teenagers today may have a hard time placing Orlando Jones at
first glance, almost anyone else would have no trouble associating
the funny-man with his role as 7-Up spokesman in early 2000s
or as one of the original cast members of the sketch comedy
Jones turned his seemingly comedy-based interests into a
full-fledged acting career, not moving away from comedy necessarily
but certainly embracing the dramatic roles that were offered
to him. His latest endeavor mixes both comedy and drama together
as he takes on the2-episode guest-role of life coach Lazarus
"Laz" Collins in USA's summer hit series Necessary
PCM's Allison had the opportunity to participate in a call
with Jones and asked about the differences and challenges
of establishing a character in a mere two episodes versus
developing a series regular.
"It's a little - it's a totally - to some degree the
approach is the same and to some degree the approach is different.
You know, most of my career has been in the movie business
where, you know, you're going to live with whomever it is
for, you know, three, four months or longer," Jones began.
"A lot of the ground work I think ends up being done
by sort of the writers and you ultimately look at, you know,
the arc of the episode and try, at least from my perspective,
to - and view the character with as much nuance as you possibly
"And I think that's really been the challenge,"
Jones continued. "I mean, it's really easy to play Laz
to me as this really sort of sleazy guy who just sort of comes
in and takes advantage of TK. I kind of feel like that's kind
of straight on - up the middle and on the (nose) and you should
have seen it coming."
"So what I wanted to kind of get my head around when
approaching something and it gets kind of low, low, low, what's
the reality of it and what's the best side of the worst guy,"
he explained. "And often when you're doing something
where you have a role, this guy, you know, is a lovely person.
He's welcoming. Well, what is he trying to hide? What's his
"So, I mean, ultimately I think, you know, we're kind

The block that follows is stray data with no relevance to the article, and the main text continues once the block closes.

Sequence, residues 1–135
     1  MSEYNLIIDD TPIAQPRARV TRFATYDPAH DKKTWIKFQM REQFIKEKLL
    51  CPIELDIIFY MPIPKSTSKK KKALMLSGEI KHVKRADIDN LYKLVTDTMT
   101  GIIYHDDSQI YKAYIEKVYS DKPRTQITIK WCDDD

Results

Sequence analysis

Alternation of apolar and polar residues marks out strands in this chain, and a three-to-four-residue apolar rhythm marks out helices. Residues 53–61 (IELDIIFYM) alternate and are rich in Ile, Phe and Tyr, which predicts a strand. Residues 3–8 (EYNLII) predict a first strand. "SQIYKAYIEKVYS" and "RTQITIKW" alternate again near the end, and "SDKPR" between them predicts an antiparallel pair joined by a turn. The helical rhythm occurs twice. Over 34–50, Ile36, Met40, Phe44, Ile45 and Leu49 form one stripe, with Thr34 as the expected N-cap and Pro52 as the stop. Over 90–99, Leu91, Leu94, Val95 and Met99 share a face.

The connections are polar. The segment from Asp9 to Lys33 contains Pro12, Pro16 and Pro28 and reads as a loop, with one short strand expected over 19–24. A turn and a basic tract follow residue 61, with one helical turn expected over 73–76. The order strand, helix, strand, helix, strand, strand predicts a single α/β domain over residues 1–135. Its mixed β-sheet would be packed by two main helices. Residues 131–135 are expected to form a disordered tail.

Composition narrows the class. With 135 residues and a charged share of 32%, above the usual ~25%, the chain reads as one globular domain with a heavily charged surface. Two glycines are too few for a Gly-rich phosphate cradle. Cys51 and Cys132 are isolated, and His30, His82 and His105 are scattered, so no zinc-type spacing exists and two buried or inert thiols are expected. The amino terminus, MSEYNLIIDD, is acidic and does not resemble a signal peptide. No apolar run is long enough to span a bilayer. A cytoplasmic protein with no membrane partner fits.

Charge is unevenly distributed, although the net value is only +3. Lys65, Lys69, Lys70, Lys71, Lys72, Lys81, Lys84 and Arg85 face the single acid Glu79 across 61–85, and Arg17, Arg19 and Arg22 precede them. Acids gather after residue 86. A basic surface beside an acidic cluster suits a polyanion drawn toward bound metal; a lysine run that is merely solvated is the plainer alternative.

of binary people and there's two of us living inside all the
time, you know, that get into (bad)," Jones revealed.
"So I think the tough part is trying to (curse) that
and then try and find the moment in the scenes that you have
in order to give the character some, you know, life and, you
know, some interest and nuance."
"So that's generally the approach, you know, and it's
difficult primarily because, you know, it's (relegated) by
screen time so you try and deal with it as best you possibly
can and look at each scenes and not what the objective is
that's happening in the story but then how you can make the
objective of the story a little bit more interesting than
it's going to be than if you just hit it on the (nose),"
While Jones is no stranger to most mediums of acting, we
also asked if there was anything he was surprised to learn
about himself from the character. Did he walk away with any
life lessons from playing a life coach?
"I don't know that I have time to do that," Jones
laughed. "I definitely have previously not been, you
know, the biggest fan of the life coaches. I always thought
of it sort of like, "Seriously, that's really what you
do?" So I think I definitely gained a little bit more
respect for that profession because like I do think that,
you know, at their core, they really are trying to, you know,
help people so it's kind of positive look on people who are
devoting their lives to try and to go for the - you know,
do better for themselves and do better for others."
"So that, you know, I think I gained a little bit more
respect for the profession and that," he revealed, "you
know, for me that was because it was something I previously
just made fun of."
But playing the troubled TK's life coach means while he does
get to spend quality time with Mehcad Brooks who plays TK,
he doesn't have all that much interaction with other characters.
So we wanted to know who he would have liked to share a few
more scenes with.
"I really - you know, Callie and I have known each other
for a while from New York so, I mean, I definitely wanted
to - I would have loved to interact with her more," Jones
began, "as well as, you know, Marc Blucas' character.
I like the characters on the show. And it was - I certainly
was (focusing) more on TK and Nico and, you know, Callie and
I a little bit of running into each other but for the most
part, our interaction is (relegated) through TK. I would have